In May, the budget adopted by the City Council allegedly included enough money to pay for up to 1,000 officers if recruitment efforts could successfully expand the police force.
The administration of Mayor Richard Berry wanted 1,100 officers. But when Berry signed the budget, a news release from his office reiterated that it funded 1,000 police positions.
Yet this week Police Chief Gorden Eden told councilors he doesn’t have enough money to go beyond 940 officers because the budget factors in a 6 percent vacancy rate.
Question No. 2: In what parallel universe does 1,000 equal 940?
Question No. 3: Who came up with an equation that Eden says means he will have to delay the October cadet class and not be able hire additional men and women needed to protect the most populous city in the state until some time after January?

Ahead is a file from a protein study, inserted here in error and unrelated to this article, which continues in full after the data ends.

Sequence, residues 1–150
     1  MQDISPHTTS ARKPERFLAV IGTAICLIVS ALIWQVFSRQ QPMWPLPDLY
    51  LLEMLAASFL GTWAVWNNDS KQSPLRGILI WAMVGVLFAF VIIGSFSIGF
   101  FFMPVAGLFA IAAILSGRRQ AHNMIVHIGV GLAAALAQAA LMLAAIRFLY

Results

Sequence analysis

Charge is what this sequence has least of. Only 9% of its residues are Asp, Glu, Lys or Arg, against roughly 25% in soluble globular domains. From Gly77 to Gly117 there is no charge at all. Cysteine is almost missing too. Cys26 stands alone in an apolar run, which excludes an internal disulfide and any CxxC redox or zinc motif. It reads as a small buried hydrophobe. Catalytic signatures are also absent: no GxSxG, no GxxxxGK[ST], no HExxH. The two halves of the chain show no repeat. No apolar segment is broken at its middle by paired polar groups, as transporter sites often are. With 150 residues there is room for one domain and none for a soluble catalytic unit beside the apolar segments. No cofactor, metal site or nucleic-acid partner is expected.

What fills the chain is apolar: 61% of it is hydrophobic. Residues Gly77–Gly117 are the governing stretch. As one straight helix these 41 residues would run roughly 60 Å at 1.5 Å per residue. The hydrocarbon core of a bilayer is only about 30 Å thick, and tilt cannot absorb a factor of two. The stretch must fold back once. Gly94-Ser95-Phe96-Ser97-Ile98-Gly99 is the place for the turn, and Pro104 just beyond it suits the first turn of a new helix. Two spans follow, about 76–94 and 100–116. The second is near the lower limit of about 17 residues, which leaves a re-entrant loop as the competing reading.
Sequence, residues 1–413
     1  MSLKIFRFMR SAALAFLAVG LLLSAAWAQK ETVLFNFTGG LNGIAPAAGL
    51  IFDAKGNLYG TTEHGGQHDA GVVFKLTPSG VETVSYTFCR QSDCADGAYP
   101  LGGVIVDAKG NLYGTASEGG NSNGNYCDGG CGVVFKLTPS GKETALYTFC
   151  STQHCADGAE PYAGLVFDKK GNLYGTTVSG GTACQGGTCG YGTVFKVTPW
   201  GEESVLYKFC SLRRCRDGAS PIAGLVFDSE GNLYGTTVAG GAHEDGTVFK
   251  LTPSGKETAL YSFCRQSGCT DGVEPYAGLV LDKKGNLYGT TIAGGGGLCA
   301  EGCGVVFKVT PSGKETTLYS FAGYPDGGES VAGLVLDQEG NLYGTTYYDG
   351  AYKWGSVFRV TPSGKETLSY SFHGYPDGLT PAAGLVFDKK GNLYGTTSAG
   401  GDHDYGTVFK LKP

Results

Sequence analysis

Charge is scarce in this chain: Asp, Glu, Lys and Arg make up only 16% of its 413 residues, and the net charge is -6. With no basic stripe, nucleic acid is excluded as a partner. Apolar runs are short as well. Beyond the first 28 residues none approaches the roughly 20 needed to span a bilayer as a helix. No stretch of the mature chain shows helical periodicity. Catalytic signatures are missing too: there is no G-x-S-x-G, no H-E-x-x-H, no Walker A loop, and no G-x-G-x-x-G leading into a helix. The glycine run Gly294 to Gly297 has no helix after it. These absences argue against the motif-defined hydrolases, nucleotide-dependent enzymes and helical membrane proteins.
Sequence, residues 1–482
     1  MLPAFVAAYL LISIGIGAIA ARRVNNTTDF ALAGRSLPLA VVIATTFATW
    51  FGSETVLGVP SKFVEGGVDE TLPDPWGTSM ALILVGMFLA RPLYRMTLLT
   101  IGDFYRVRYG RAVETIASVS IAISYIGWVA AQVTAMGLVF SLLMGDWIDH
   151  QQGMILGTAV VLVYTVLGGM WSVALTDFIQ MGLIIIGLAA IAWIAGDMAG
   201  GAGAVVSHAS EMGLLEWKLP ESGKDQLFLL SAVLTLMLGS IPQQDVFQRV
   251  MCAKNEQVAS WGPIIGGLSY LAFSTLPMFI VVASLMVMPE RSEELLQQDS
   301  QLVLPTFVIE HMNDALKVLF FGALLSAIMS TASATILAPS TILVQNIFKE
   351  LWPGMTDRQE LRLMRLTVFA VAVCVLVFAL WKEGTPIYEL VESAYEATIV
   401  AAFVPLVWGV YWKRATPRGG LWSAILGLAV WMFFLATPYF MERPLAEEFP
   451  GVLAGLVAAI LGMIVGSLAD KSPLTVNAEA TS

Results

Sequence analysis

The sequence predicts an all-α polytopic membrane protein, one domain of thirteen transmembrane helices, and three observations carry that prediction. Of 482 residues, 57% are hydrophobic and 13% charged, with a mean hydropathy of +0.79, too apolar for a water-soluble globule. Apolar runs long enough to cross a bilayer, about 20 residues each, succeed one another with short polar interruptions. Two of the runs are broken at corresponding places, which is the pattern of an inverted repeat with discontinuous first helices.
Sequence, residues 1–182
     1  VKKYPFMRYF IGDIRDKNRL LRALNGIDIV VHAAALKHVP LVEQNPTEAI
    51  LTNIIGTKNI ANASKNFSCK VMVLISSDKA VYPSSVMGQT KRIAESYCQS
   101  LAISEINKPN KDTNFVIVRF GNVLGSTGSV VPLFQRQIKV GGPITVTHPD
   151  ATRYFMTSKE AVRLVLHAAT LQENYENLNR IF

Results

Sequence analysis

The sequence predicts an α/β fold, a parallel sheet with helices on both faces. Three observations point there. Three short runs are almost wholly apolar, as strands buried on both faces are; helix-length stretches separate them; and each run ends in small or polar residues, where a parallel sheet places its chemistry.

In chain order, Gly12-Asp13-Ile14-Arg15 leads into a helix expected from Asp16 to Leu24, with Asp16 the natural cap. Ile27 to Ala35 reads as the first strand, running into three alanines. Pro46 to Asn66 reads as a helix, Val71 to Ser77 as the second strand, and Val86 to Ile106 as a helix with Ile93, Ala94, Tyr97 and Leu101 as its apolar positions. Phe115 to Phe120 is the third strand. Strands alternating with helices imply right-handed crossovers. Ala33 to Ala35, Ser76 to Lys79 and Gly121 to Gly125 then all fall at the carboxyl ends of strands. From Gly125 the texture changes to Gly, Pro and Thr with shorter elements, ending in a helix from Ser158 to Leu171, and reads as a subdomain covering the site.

While Councilor Klarissa Peña wants to pass some legislation “to make sure we don’t postpone” the class and Councilor Diane Gibson says neighborhood associations “want to see more police on the street,” the core problem is 940 is not, never has been and never will be 1,000, and 1,000 cops is the number the Council and the mayor assured the public would be funded with their tax dollars.
While Council President Ken Sanchez is correct that this magic math should have been part of the spring budget debate, it’s more important to find out why magic math is being used at all. Albuquerque taxpayers should be able to trust their leaders when they say what a budget covers.
And right now they can’t.
This editorial first appeared in the Albuquerque Journal. It was written by members of the editorial board and is unsigned as it represents the opinion of the newspaper rather than the writers.